Sunday, 4 December 2011

King of the Gypsies by Bartley Gorman and Peter Walsh

King of the Gypsies by Bartley Gorman and Peter Walsh tells the story of Bartley Gorman's life as a bareknuckle boxing champion. The title of "King" is won by fighting the current champion and defeating challengers; it isn't inherited. Once proclaimed King of the Gypsies of a particular region or country, the champion is expected to fight anyone who challenges him, which means he will lead a brutal, violent life.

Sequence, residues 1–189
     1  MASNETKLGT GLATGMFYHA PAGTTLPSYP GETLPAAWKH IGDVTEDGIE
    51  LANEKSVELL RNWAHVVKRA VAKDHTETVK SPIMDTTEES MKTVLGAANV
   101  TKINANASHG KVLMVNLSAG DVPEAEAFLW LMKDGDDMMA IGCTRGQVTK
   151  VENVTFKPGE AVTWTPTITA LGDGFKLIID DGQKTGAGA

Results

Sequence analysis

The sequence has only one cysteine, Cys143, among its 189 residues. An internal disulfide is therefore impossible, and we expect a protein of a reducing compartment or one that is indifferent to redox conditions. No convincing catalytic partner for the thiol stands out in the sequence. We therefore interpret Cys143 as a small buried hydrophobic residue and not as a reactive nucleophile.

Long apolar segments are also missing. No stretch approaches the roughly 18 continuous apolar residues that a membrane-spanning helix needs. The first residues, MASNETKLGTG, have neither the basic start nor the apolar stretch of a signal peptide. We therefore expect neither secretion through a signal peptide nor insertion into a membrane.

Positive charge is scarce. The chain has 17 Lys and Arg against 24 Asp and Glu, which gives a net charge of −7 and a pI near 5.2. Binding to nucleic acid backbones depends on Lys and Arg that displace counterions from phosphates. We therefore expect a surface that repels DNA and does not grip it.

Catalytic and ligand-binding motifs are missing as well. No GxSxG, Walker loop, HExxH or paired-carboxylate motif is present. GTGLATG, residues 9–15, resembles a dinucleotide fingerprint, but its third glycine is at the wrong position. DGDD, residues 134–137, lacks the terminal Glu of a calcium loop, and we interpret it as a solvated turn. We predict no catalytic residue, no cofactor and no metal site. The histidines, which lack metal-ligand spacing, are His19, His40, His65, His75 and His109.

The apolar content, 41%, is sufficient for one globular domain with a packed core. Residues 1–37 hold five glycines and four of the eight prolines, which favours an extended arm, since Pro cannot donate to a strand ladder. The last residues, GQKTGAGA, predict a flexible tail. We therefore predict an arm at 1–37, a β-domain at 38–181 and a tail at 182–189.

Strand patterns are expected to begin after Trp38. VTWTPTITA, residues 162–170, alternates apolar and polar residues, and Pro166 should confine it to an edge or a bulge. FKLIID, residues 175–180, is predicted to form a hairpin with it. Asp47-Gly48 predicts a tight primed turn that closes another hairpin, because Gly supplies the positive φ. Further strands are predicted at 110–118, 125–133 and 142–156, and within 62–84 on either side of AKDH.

Bartley Gorman was the subject of a short film called King of the Gypsies made for Channel 4 by Shane Meadows in 1995 (see below). Bartley Gorman is an intelligent, thoughtful story-teller who shares his philosophy and outlook on life (state of mind is as important as strength and training if you want to win; honour, decency and pride are important; so is an appreciation of nature; charm and chat will help you to survive or even thrive anywhere; and so on), as well as giving some of the history of prize-fighting and bareknuckle contests in this country. The author is the subject and so you will learn very little about the life of gypsy or traveller women or children, though you will learn how to say "kill him, brother" in both Romany and Cant. The book is a fascinating insight into a world that most of us will never see. It's £2.99 for the Kindle. Recommended.